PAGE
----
Influence of renal replacement modalities on amikacin population pharmacokinetics in critically ill patients on continuous renal replacement therapy

Roger, Claire, Wallis, Steven C., Muller, Laurent, Saissi, Gilbert, Lipman, Jeffrey, Lefrant, Jean-Yves and Roberts, Jason A. (2016) Influence of renal replacement modalities on amikacin population pharmacokinetics in critically ill patients on continuous renal replacement therapy. Antimicrobial Agents and Chemotherapy, 60 8: 4901-4909. doi:10.1128/AAC.00828-16

Attached Files (Some files may be inaccessible until you login with your UQ eSpace credentials)
Name Description MIMEType Size Downloads
UQ405859_OA.pdf Full text (open access) application/pdf 1.84MB 0

Author Roger, Claire
Wallis, Steven C.
Muller, Laurent
Saissi, Gilbert
Lipman, Jeffrey
Lefrant, Jean-Yves
Roberts, Jason A.
Title Influence of renal replacement modalities on amikacin population pharmacokinetics in critically ill patients on continuous renal replacement therapy
Journal name Antimicrobial Agents and Chemotherapy   Check publisher's open access policy
ISSN 1098-6596
0066-4804
Publication date 2016-08-01
Sub-type Article (original research)
DOI 10.1128/AAC.00828-16
Open Access Status File (Publisher version)
Volume 60
Issue 8
Start page 4901
End page 4909
Total pages 9
Place of publication Washington, DC, United States
Publisher American Society for Microbiology
Collection year 2017
Language eng
Formatted abstract
The objective of this study was to describe amikacin pharmacokinetics (PK) in critically ill patients receiving equal doses (30 ml/kg of body weight/h) of continuous venovenous hemofiltration (CVVH) and continuous venovenous hemodiafiltration (CV-VHDF). Patients receiving amikacin and undergoing CVVH or CVVHDF were eligible. Population pharmacokinetic analysis and Monte Carlo simulation were undertaken using the Pmetrics software package for R. Sixteen patients (9 undergoing CVVH, 11 undergoing CVVHDF) and 20 sampling intervals were analyzed. A two-compartment linear model best described the data. Patient weight was the only covariate that was associated with drug clearance. The mean ± standard deviation parameter estimates were 25.2 ± 17.3 liters for the central volume, 0.89 ± 1.17 h-1 for the rate constant for the drug distribution from the central to the peripheral compartment, 2.38 ± 6.60 h-1 for the rate constant for the drug distribution from the peripheral to the central compartment, 4.45 ± 2.35 liters/h for hemodiafiltration clearance, and 4.69 ± 2.42 liters/h for hemofiltration clearance. Dosing simulations for amikacin supported the use of high dosing regimens (≥25 mg/kg) and extended intervals (36 to 48 h) for most patients when considering PK/pharmacodynamic (PD) targets of a maximum concentration in plasma (Cmax)/MIC ratio of ≥8 and a minimal concentration of ≤2.5 mg/liter at the end of the dosing interval. The mean clearance of amikacin was 1.8 ± 1.3 liters/h by CVVHDF and 1.3 ± 1 liters/h by CVVH. On the basis of simulations, a strategy of an extended-interval high loading dose of amikacin (25 mg/kg every 48 h) associated with therapeutic drug monitoring (TDM) should be the preferred approach for aminoglycoside treatment in critically ill patients receiving continuous renal replacement therapy (CRRT). (This study is a substudy of a trial registered at ClinicalTrials.gov under number NCT01403220.).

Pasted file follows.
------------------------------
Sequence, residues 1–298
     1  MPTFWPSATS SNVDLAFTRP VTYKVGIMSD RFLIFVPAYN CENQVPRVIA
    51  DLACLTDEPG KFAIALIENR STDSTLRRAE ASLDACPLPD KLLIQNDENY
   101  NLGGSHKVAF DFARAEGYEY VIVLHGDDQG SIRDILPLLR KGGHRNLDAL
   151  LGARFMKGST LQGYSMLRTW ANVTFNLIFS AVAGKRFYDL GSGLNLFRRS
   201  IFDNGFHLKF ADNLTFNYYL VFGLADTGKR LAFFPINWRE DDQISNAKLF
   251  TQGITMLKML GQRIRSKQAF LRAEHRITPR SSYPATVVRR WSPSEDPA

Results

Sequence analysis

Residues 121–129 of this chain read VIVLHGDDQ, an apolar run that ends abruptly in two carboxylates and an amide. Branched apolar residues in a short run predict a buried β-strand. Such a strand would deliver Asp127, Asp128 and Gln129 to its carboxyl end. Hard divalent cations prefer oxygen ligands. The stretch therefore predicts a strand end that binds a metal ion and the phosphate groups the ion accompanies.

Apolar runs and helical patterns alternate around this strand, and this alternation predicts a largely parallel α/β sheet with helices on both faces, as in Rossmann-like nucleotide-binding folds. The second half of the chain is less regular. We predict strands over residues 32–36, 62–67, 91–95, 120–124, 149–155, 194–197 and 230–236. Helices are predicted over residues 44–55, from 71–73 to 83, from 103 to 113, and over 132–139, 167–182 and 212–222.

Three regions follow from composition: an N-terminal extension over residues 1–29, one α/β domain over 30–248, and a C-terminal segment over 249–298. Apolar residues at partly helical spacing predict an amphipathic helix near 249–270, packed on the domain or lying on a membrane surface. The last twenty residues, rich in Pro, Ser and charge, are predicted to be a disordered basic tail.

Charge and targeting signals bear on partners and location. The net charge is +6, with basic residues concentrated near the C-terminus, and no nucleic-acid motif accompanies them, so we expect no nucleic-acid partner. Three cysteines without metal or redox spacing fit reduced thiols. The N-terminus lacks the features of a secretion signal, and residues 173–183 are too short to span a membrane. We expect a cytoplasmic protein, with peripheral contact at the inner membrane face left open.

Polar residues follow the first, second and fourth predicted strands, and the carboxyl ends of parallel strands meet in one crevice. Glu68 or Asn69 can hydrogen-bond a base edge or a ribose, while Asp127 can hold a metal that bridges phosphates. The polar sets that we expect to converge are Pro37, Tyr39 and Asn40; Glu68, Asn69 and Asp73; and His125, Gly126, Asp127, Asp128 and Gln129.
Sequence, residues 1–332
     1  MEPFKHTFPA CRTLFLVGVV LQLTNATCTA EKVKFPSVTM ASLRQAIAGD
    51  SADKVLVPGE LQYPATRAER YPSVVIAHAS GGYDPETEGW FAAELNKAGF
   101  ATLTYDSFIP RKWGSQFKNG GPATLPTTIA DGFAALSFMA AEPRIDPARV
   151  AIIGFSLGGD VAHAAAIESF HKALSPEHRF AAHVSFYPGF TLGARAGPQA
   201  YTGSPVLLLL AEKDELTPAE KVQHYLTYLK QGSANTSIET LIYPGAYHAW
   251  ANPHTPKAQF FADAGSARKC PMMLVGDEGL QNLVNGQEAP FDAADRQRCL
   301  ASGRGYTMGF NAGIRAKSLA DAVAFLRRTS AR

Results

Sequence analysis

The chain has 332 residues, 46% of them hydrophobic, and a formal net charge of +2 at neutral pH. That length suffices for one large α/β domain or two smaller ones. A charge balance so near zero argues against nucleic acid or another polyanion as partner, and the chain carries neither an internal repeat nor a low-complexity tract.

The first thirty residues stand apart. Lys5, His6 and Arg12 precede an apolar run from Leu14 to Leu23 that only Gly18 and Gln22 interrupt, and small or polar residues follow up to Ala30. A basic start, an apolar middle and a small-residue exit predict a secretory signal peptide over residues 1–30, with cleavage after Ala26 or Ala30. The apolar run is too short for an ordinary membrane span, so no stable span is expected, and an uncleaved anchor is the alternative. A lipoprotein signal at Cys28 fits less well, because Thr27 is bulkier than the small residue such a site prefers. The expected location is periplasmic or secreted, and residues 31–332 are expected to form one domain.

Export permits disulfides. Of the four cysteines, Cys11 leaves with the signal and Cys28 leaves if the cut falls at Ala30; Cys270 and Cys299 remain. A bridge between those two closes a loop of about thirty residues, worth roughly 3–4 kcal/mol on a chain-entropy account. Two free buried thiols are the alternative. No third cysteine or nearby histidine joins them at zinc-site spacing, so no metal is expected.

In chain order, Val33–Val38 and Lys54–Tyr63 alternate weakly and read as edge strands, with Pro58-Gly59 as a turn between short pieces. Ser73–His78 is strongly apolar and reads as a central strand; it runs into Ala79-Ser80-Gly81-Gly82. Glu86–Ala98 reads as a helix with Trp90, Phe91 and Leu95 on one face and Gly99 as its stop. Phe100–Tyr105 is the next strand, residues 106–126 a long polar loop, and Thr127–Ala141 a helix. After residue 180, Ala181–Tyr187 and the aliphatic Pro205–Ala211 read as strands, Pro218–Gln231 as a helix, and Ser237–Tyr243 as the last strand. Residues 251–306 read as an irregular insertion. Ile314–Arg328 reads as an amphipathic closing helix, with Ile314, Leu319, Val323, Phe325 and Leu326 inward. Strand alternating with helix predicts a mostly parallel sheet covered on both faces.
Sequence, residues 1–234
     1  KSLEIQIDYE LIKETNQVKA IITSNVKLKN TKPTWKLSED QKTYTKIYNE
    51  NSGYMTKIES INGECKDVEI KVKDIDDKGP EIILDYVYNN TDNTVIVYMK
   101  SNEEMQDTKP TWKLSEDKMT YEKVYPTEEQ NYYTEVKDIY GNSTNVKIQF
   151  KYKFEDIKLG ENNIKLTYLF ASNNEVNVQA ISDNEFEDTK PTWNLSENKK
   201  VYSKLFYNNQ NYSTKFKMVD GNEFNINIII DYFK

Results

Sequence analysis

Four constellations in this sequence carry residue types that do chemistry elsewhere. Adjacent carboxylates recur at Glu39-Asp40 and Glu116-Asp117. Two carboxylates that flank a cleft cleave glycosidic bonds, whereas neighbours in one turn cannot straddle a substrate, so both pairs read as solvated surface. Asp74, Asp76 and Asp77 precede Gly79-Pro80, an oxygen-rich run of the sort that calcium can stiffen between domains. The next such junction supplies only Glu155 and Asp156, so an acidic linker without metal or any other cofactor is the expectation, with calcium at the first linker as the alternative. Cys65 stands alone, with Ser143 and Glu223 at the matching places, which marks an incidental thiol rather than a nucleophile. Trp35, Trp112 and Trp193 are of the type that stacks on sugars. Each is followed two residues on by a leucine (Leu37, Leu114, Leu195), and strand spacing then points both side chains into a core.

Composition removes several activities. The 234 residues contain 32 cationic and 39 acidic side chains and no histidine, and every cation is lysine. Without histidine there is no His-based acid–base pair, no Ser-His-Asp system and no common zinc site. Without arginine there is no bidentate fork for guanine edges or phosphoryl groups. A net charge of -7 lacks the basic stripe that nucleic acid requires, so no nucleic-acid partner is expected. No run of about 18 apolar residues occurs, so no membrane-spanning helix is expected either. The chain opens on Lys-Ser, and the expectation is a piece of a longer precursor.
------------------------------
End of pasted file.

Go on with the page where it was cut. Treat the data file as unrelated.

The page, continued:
Q-Index Code C1
Q-Index Status Provisional Code
Institutional Status UQ

 
Versions
Version Filter Type
Citation counts: TR Web of Science Citation Count  Cited 1 times in Thomson Reuters Web of Science Article | Citations
Scopus Citation Count Cited 1 times in Scopus Article | Citations
Google Scholar Search Google Scholar
Created: Sun, 18 Sep 2016, 10:16:13 EST by System User on behalf of Learning and Research Services (UQ Library)